What does the iceberg in Qaumma tell us about the relationship between humans and the environment?

Laakkuluk Williamson Bathory: Our culture sees that everything has a soul. The life of a rock is very different from that of an owl, compared to that of a human, but they still have life. The reason why we chose to have this iceberg is that it contains so much, it can emit, create, absorb light, it can be the focus of our stories; it can be the storyteller.

Vinnie Karetak: We see the iceberg as either the anchor, the spring, or the home. One of the stories we tell is that of a mother with a baby on her back and a son, hiding over night from the wind, or trying to rest before daylight, before continuing to the next community after having abandoned two young girls, just so that somebody can survive. The iceberg is a prop that can change and transform the way the stories are told.


Theses stories are stories of Inuit women who have been able to keep the light, the flame of their family lit?

V.K.: The flame is being Inuk and strong enough to be able to withstand a force that is trying to eliminate being Inuk. Having somebody, a rock, an anchor, a matriarch who hides and protects the flame until the storm has passed, and who can say “Here little girl, you can have this, you can use this, if you ever get lost, if you ever get to a dark place, this can help you.”

L.W.B.: We continue to exist as Inuit despite the fact that the colonial institutions that we are surrounded by in every direction are continually taking our humanity away, on a continuous basis. And yet we exist, because of that flame. We are that flame. It is so important to recognize that Inuit have great skills of improvisation, and that improvisation is not just making things up in the spot, it is actually something that you are trained in from babyhood: to expect the unexpected and to be able to work with the unexpected. When Inuit make art, I find it so incredibly important that they are humans first and that their art is not the end product, it is humans with souls that are creating these pieces of art, which is a representation of a part of their soul. Vinnie and I are both making a physical object that is an art piece and also imbuing it our humanity. The mother figure, the matriarch is central to the story because it is about how this mother is working to protect that inner core, that flame, that light, always pivoting, protecting, encouraging creativity.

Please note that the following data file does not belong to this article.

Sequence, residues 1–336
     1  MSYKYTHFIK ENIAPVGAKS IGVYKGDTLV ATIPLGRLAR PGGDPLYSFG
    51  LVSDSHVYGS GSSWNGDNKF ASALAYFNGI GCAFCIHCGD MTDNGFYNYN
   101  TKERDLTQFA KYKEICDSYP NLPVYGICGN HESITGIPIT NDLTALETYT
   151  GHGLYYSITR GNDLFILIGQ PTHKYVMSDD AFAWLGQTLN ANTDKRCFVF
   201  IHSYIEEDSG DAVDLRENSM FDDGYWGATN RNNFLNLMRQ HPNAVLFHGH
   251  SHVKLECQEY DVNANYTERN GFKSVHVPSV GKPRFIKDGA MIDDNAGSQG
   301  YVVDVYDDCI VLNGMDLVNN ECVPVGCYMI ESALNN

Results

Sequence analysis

Would you say that the gesture of destroying and rebuilding a drum in Qaumma points out issues of culture robbery and colonization?

L.W.B.: The destruction of the drum has been done by our own people at the biding of colonial institutions. It is such a powerful act and I care so much for Vinnie’s spirit that I do not want him to do it over and over again. For us, the drum is such a huge aspect of who we are, of our cultural expression, and of what has happened to us, and I do not want Vinnie to get destroyed over and over again while he does it, so I suggested to him that we could we make a video of him doing it once, in the most perfect circumstances where he is safe, held, and loved. This act is a release and soothing of pain.

We perform for our community in cathartic ways to show things that may have not been realized by some people before. That is first and foremost what we are trying to do. Performing for non-Inuit also invites them into learning about this process of coming to new understandings almost all the time. The audience feels exposed, but in a safe way, and validated in an intellectual way. As for uaajeerneq, it is always a safe place. It is a training ground for fear. Because outside of the theater, you face so much danger, and that fear is real.

V.K.: The pagan activities of the Inuit, or the Eskimaux, in the 1950s was disallowed because priests said that there is only one God. Chanting and using the drum was a way of carrying on paganistic practices, shamanistic beliefs, sorcery, if you will.


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